How do People Take Care of Someone in a Coma?

Someone in a coma usually needs to be cared for in the intensive care unit (ICU) of the hospital. There, the person can get extra care and attention from doctors, nurses, and other hospital staff. They make sure the person gets fluids, nutrients, and any medicines needed to keep the body as healthy as possible. These are sometimes given through a tiny plastic tube inserted in a vein or through a feeding tube that brings fluids and nutrients directly to the stomach.

Some comatose people are unable to breathe on their own and need the help of a ventilator, a machine that pumps air into the lungs through a tube placed in the windpipe. The hospital staff also tries to prevent bedsores in someone who is comatose. Bedsores are open sores on the body that come from lying in one place for too long without moving at all.

coma

It can be very upsetting and frustrating for a person’s family to see someone they love in a coma, and they may feel scared and helpless. But they can help take care of the person. Taking time to visit the hospital and read to, talk to, and even play music for the patient are important because it’s possible that the person may be able to hear what’s going on, even if he or she can’t respond.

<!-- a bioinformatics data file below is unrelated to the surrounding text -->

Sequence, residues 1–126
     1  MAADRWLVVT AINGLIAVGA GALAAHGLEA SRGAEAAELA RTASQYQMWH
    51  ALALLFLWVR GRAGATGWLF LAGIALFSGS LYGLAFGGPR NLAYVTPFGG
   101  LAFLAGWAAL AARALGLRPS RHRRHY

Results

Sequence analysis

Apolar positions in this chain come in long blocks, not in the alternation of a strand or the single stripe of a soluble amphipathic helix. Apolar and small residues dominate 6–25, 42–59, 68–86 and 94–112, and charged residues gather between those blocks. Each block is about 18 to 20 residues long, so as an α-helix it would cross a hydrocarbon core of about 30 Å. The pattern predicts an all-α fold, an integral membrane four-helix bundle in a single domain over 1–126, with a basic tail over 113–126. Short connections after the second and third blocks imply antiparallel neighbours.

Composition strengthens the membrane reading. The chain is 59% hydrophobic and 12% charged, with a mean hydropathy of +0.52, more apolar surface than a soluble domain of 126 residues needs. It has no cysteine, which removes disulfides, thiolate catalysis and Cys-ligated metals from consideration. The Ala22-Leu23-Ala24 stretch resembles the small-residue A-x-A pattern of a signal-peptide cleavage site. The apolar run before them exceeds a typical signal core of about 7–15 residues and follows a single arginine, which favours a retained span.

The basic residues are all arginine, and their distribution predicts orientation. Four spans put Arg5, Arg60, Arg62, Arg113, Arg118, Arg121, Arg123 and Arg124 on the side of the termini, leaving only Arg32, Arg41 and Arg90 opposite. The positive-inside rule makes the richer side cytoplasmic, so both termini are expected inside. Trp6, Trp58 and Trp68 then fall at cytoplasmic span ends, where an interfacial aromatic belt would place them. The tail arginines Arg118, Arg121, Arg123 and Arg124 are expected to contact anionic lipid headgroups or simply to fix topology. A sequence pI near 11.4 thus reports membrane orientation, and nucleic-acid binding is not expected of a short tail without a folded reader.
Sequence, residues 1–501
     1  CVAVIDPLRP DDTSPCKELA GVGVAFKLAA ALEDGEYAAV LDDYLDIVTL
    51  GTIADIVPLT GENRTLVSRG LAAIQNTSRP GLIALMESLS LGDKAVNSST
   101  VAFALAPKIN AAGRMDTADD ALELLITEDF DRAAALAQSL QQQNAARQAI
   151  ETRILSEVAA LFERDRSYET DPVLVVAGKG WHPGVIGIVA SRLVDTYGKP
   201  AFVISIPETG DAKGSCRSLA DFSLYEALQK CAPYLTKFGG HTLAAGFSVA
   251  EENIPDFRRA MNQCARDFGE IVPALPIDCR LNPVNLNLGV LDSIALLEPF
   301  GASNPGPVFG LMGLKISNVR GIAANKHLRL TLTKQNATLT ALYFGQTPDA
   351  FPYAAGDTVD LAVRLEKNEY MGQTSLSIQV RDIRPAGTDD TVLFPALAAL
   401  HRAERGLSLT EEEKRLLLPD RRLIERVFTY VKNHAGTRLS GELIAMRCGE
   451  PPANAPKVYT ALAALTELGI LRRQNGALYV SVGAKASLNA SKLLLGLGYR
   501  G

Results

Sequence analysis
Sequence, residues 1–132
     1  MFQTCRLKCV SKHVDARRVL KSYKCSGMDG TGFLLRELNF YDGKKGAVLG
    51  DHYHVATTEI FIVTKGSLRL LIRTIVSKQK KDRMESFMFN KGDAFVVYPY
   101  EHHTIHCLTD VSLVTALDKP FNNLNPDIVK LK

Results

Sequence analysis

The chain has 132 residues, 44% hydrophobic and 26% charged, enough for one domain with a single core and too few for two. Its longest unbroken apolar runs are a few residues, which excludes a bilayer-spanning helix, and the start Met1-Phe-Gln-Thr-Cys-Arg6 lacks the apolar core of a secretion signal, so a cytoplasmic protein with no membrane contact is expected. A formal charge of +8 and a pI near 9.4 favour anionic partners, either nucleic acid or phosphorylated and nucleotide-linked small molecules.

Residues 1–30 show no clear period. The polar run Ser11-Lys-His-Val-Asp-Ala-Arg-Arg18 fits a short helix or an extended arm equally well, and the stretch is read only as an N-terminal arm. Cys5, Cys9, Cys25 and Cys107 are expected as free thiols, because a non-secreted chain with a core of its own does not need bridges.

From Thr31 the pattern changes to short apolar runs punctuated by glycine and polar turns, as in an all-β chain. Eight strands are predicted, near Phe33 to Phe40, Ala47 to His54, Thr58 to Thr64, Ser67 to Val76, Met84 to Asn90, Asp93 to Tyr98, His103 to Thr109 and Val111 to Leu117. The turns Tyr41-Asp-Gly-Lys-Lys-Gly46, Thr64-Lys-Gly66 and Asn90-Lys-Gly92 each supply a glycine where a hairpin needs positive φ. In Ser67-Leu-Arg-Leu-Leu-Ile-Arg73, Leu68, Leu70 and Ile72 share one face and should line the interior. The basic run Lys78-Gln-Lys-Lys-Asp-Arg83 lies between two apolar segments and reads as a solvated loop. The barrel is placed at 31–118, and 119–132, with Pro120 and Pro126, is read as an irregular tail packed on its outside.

When coming out of a coma, a person probably will be confused and only slowly respond to what’s going on. It will take time for the person to start feeling better.

Sometimes people who come out of comas are just as they were before – they can remember what happened to them before the coma and can do everything they used to do.

Other people may need therapy to relearn basic things like tying their shoes, eating with a fork or spoon, or learning to walk all over again. They also may have problems with speaking or remembering things.

Over time and with the help of therapists, however, many people who have been in a coma can make a lot of progress. They may not be exactly like they were before the coma, but they can do many things and enjoy life with their family and friends.

Journal of Emergency Medicine & Critical Care

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